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Job seeking with a disability can be a difficult journey to navigate.

Interviews can be particularly stressful, as you’re never quite sure whether your disability will lead to uncomfortable questions or cause an awkward moment between you and your interviewer.

The good news is that you’re protected by law. Certain topics are not allowed to be part of the hiring process, period.

Companies are usually aware of what they need to steer clear of, but that doesn’t mean they always comply with the law.

If your potential employer asks any of the following questions (or variations thereof), then it is not a great sign of a positive working environment – besides they might also be non-compliant with local labor laws.

“Do You Have a Mental or Physical Disability?”

Let’s start with the obvious one. Potential employers are not allowed to ask you about any injury, physical impairment, or any type of disability. They can’t do this directly or indirectly (people have sneaky ways of doing this!).

You should only be answering questions that are directly related to the role you’re applying for. That’s it. The Americans with Disability Act (ADA) has a guide that can clarify this further.

“How Did You Get Your Disability?”

If your potential employer is aware of your disability, that doesn’t mean the floodgates are open and all questions are now fair game. They should remain professional and keep questions limited to being about your ability to do the job.

You don’t have to discuss the ins and outs of your disability, or how/why you got it in the first place. It shouldn’t happen during the interview, after you’ve been given the job, or even if you’ve been around for decades. It’s invasive, inappropriate, insensitive, and downright wrong.

Do You Have a Disability That Will Interfere with the Job?”

This one is a little tricky. People often think they need to answer it, as it deals with the job. But that’s not the way it works.

You should be asked questions about whether you are qualified and able to do the job you’re applying for, but you don’t need to disclose information about your disability directly. Even if you’re applying for a job as a support worker for those with disabilities (where it would perhaps seem very relevant), for example.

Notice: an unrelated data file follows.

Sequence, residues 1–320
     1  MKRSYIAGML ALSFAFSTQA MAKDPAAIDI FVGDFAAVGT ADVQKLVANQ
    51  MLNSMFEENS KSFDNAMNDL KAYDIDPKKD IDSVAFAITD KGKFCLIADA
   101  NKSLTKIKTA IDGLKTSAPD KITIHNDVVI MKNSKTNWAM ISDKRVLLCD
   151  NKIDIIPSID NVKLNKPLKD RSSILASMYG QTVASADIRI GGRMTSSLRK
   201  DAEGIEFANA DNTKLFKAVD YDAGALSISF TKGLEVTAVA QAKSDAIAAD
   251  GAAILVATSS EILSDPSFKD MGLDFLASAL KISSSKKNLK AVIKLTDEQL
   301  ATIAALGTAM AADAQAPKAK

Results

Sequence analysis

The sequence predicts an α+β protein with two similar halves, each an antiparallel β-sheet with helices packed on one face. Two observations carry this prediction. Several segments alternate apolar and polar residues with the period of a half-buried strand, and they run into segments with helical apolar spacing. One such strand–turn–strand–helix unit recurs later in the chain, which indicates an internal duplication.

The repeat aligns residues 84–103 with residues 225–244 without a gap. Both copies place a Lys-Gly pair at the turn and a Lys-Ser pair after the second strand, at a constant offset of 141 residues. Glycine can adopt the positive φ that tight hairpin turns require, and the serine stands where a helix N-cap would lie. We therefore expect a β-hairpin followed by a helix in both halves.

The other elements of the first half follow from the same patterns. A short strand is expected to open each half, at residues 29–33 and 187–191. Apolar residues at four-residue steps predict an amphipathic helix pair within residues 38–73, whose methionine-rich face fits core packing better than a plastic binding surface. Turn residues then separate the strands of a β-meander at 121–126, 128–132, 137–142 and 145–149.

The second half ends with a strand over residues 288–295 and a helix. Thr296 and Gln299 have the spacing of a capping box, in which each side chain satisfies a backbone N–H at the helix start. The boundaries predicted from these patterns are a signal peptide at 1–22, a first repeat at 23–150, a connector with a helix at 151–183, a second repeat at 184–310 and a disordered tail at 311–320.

“How Many Sick Days Did You Make Last Year?”

Another one of those questions that may be indirectly attempting to find out about any disabilities.

The answer? None of your business (though maybe choose another way of phrasing it!).

“Have You Ever Been Treated for a Mental Health Condition?”

This can seem like a reasonable question, especially if it concerns a past treatment. But that’s irrelevant.

Your interviewer does not have a right to know what your medical history is, active or otherwise.

“Do You Take Any Prescription Drugs?”

Whether it’s for a physical ailment, mental health condition, or otherwise, your potential employer has no right to ask about any medication you may be taking.

Employers are allowed to answer this after an offer has been made, but only if every single employee is being asked the same question as standard. In other words, they can’t single you out due to a disability.

Other Questions an Interview Should Not Ask

While we’re at it, we’re going to give you a list of additional interview questions your interviewer should not be asking. These are not (directly) related to a disability, but should nevertheless be avoided.

If you’re ever asked any of the following, the alarm bells should start ringing loudly.

  • Relationship status. Questions about your marital status, your sexual preference, or anything related to your relationships are forbidden ground.
  • Culture/religion. You should not be asked anything about your religious beliefs or cultural background, especially if the question is based on your physical appearance.